Have you heard of the doctrine formulated at Vatican II called "implied faith"? Mother Teresa, who was canonized by the "patron saint" of the Trad wing of the Church, said, in contradiction of the calumny of Christopher Hitchens, that she coerced conversions of the dying, that, if those whom she helped to die grew closer to the deities of their own faith at the moment of their deaths, she was confident that they were, be definition, growing closer to the Christian God. This is perfectly in line with that proclamation of Vatican II, which also rescinded the idea of the supercession of the First Covenant by the Second. If Mother Teresa hadn't said that, she wouldn't have been granted a state funeral in Kolkota by the first BJP government. The era of reckless proselytizing is over, and persistence in it is "ridiculous" in a period of mass communication, as Pope Francis is rumored to have said. Mohandas Gandhi is, indeed, in "Heaven," if there is one, along with the Jewish rabbis, prophets and patriarchs who doubtless lived purer lives than many popes and bishops.

JR Cosgrove
3 weeks ago

Then maybe the Church should not have anything to do with anything anywhere since all people of good will are saved. Just fold up the tent and close shop. It seems that is what is happening.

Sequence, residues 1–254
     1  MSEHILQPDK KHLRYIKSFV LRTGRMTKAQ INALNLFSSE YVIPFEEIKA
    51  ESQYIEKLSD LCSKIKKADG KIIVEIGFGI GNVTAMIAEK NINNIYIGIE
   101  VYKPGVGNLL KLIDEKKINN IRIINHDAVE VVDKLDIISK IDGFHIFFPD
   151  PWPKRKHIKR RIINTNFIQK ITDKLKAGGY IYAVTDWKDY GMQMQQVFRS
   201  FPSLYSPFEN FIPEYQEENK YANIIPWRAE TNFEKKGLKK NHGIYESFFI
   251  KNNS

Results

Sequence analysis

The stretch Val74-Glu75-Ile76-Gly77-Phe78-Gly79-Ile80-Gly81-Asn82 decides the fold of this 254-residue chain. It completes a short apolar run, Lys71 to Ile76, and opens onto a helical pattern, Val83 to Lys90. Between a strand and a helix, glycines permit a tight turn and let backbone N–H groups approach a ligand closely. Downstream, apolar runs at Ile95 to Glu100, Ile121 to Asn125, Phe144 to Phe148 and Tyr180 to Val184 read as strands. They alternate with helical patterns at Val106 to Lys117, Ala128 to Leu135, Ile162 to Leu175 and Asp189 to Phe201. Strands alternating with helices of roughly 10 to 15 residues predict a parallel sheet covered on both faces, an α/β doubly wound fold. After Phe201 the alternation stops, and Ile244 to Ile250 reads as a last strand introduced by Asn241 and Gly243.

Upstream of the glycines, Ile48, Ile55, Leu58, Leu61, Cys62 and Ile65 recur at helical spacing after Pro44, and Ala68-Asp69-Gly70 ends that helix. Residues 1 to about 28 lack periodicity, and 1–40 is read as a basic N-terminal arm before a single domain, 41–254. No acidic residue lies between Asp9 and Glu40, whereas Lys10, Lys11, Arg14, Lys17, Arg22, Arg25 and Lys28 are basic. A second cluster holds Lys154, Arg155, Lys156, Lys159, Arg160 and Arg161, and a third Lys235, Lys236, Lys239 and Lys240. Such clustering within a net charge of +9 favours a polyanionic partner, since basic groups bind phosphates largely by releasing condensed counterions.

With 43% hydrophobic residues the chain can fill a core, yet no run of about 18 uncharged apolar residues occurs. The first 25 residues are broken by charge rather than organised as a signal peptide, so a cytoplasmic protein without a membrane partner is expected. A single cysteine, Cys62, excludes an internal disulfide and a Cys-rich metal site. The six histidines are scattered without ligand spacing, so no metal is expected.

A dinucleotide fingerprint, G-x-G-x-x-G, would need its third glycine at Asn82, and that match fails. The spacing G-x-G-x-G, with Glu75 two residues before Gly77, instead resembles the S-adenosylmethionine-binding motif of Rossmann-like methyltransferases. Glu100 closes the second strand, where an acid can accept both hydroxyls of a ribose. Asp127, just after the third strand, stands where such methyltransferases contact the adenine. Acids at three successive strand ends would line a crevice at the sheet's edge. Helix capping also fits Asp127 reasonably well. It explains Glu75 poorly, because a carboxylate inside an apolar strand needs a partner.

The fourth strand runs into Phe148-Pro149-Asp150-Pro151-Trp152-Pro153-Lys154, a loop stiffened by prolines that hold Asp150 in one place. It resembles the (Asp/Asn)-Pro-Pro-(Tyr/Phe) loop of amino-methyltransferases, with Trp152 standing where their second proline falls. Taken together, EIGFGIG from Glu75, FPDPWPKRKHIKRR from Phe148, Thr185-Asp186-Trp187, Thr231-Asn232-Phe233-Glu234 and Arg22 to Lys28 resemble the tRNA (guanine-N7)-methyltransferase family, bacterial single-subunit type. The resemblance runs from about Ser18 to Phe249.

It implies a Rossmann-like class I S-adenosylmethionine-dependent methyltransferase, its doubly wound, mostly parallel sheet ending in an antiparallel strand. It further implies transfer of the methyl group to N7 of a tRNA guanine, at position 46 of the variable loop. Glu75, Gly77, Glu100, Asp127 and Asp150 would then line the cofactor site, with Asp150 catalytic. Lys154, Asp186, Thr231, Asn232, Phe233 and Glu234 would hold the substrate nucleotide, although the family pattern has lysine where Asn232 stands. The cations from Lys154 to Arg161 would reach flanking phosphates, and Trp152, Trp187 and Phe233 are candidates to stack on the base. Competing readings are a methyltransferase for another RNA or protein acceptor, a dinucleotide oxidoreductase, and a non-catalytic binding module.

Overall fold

Robert Lewis
2 weeks 6 days ago

Your observation would make sense, if the only value in Christianity is a "safe pass" to Heaven, as in Pascal's "bet." Actually, that has always seemed to me, ever since I was a very little boy, to be a vulgar and meretricious way of advancing the message of Jesus Christ. Instead, I think that the Gospel He preached and the way he lived is the only way of living a free and joyful existence in this life. As He said, "The Kingdom is spread out in front of you."

JR Cosgrove
2 weeks 6 days ago

You miss the obvious. Christ gave us through the Church a morality to have a good life. But the Church squandered that early by ignoring the other gifts that God gave us by how he made us. He made us desire freedom and for all of its existence the Church fought against this gift of God. They are still doing it. Freedom entered human existence for the first time in England and Holland in the mid 1600’s and spread out in these countries and to other parts of the world. Catholic morality and freedom is the perfect prescription for a just world.

JR Cosgrove
2 weeks 6 days ago